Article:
Instead of passing the buck, the Government must make a concerted attempt at addressing the problem. This is a complex issue that requires enlisting the competencies of the Ministries of Women and Child Welfare, Home, and Communications and IT. It also requires investing in the resources and capital that will make identifying and arresting abusers a swift, real-time process. 

The government must constitute an inter-ministerial group comprising of representatives from the Home Affairs, Women and Child Development and Communication and IT Ministries to arrive at a technology-based solution to the problem of child pornography. This group must hold extensive consultations with all stakeholders and draft well-crafted roles for each group - including ISPs, the police, parents etc. 

Cutting-edge child porn tracking technologies are already widely in use in countries such as the United Kingdom, USA and Germany. One such technology is the Microsoft-developed PhotoDNA software that Facebook uses to track illegal images among the several million images uploaded to the social network every day. Google, too, is reportedly working to evolve a new technology which will, for the first time, allow internet search engines and other web firms to swap information about images of children being raped and abused.  

Other issues also plague the system's ability to respond effectively to the problem of child pornography. The Indian Penal Code, for instance, does not allow for the filming of children for pornographic purposes to be covered under its provisions. This, too, needs a re-look. There is also inadequate information about the extent of child abuse in the country. Barring a few sporadic studies, with limited scope, the attempt to understand the different forms and magnitude of child abuse across the country has been inadequate. The only information available annually is the crime data maintained by National Crime Records Bureau - and it is therefore no surprise that the Ministry is often caught with its foot in the mouth every time an MP asks a pertinent question about child abuse.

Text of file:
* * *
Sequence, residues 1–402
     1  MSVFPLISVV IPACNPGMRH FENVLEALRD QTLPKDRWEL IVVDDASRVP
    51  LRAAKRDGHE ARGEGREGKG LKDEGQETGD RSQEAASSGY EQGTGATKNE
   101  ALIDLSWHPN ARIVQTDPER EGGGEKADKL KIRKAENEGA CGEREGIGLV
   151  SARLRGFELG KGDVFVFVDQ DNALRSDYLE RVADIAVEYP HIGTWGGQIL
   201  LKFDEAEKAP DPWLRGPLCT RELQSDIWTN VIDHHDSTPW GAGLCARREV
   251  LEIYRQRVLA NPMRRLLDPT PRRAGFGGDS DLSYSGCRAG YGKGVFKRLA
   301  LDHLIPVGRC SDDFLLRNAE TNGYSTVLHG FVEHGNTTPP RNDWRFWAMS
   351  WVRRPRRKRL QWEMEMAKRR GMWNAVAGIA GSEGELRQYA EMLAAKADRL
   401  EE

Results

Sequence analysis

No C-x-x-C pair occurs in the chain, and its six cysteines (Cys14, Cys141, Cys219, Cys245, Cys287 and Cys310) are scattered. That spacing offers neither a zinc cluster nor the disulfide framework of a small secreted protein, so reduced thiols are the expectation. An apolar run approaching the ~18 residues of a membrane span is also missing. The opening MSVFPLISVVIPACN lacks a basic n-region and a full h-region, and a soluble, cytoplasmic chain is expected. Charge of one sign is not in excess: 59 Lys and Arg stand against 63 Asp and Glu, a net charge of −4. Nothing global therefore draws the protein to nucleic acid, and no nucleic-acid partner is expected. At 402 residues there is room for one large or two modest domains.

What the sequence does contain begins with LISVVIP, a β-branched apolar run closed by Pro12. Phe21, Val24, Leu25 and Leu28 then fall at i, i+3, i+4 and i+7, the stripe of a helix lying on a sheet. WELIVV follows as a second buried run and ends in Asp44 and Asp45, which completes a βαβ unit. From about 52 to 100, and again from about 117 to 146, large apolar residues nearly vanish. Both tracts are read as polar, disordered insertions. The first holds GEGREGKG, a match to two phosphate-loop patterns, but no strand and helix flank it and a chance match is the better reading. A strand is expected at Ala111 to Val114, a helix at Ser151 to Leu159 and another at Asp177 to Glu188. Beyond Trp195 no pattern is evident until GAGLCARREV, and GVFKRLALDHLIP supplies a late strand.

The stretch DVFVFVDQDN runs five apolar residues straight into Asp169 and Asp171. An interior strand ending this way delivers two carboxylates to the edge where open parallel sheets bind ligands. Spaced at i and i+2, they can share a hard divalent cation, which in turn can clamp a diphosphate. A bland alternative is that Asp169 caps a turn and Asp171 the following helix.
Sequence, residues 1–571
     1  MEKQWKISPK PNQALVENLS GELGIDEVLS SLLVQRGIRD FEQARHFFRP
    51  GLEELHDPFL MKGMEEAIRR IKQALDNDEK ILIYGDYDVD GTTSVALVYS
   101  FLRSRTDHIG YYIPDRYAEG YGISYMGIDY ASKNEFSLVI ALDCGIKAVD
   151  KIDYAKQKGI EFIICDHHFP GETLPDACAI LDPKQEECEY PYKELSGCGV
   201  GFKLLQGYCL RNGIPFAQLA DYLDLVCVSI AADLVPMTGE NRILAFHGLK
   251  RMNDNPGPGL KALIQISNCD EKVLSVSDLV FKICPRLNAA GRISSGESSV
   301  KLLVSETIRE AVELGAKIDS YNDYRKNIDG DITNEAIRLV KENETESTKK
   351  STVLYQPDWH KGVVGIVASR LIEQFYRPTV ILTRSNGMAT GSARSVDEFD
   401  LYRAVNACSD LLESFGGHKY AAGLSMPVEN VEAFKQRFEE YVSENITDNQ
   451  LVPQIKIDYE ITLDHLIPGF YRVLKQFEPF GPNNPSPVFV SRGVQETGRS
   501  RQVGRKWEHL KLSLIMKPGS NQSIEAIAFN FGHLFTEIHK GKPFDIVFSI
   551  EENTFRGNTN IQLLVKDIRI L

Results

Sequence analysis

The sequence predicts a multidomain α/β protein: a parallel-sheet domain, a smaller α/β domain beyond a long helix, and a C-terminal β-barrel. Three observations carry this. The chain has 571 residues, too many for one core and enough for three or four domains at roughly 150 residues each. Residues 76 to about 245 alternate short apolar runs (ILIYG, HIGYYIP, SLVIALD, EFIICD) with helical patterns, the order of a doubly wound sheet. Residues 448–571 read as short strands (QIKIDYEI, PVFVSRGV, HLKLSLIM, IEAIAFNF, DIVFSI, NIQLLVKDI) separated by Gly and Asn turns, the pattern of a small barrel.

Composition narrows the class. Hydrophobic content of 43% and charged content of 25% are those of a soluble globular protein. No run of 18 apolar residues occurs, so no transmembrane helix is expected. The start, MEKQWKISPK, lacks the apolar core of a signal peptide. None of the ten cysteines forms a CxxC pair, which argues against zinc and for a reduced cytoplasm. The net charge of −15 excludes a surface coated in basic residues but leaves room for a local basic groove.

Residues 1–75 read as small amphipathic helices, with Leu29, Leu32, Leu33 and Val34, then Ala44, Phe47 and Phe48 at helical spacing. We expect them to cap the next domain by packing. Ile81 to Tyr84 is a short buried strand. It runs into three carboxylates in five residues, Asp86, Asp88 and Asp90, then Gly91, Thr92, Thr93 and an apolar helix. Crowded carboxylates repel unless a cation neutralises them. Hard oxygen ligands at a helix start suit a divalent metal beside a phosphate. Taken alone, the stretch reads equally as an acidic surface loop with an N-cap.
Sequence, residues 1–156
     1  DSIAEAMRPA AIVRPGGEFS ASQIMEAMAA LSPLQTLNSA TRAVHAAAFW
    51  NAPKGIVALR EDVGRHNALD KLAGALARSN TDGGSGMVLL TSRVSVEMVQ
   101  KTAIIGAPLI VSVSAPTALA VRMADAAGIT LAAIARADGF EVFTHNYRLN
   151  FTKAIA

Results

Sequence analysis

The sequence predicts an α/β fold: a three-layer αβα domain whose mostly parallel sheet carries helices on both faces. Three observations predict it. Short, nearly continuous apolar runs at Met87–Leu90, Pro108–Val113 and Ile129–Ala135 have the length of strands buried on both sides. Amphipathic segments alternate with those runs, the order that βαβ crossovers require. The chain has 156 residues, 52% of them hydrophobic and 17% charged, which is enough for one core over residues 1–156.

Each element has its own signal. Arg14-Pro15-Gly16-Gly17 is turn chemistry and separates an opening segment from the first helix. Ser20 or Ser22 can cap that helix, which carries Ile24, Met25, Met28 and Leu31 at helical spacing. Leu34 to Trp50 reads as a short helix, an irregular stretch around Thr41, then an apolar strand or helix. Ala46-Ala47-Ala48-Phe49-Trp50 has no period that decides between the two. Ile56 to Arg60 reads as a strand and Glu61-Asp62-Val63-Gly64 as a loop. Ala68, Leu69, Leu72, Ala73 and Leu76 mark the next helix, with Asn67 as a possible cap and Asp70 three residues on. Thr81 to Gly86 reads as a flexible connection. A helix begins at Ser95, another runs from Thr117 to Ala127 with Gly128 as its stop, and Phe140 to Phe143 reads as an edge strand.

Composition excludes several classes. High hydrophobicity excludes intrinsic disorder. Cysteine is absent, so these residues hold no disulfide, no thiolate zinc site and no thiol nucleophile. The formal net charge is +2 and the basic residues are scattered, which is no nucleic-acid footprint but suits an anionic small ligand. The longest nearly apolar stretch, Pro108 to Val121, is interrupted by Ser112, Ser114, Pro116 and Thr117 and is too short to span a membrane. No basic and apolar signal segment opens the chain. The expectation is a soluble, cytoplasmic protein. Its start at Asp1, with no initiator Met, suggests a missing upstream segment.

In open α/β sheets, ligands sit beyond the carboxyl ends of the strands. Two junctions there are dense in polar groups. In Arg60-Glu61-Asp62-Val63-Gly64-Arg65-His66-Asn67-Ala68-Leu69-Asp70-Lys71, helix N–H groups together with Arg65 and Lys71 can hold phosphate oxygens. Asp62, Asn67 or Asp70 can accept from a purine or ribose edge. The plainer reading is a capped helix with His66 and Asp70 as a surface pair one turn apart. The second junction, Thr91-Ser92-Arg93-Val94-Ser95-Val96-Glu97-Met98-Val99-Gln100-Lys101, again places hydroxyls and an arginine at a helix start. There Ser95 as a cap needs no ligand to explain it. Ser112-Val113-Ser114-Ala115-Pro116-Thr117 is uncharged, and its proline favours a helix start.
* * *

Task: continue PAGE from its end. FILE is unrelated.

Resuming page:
Data gaps are severely impeding our ability to comprehend and respond to the problem, and it is about time that the Government commissioned an exhaustive fact finding study into child sexual abuse and its preponderance. This is exactly the request I have made of Maneka Gandhi in a letter to the minister in June of this year - a correspondence I am yet to receive an acknowledgement for. 

My hope is that the present NDA leadership shall take stock of the extent of the threat that India's 400 million children are exposed to. It is lamentable that 60 years on since Independence, no Government so far has taken the actions necessary to Protect Our Children. This Government needs to adopt a Maximum Governance driven strategy to ensure the safety, well being and development of our children, and it is high time that the response to child sexual abuse transitions from being incident specific and reactive, to one that is institutional. 

(Rajeev Chandrasekhar is a Rajya Sabha MP and Technology Entrepreneur.)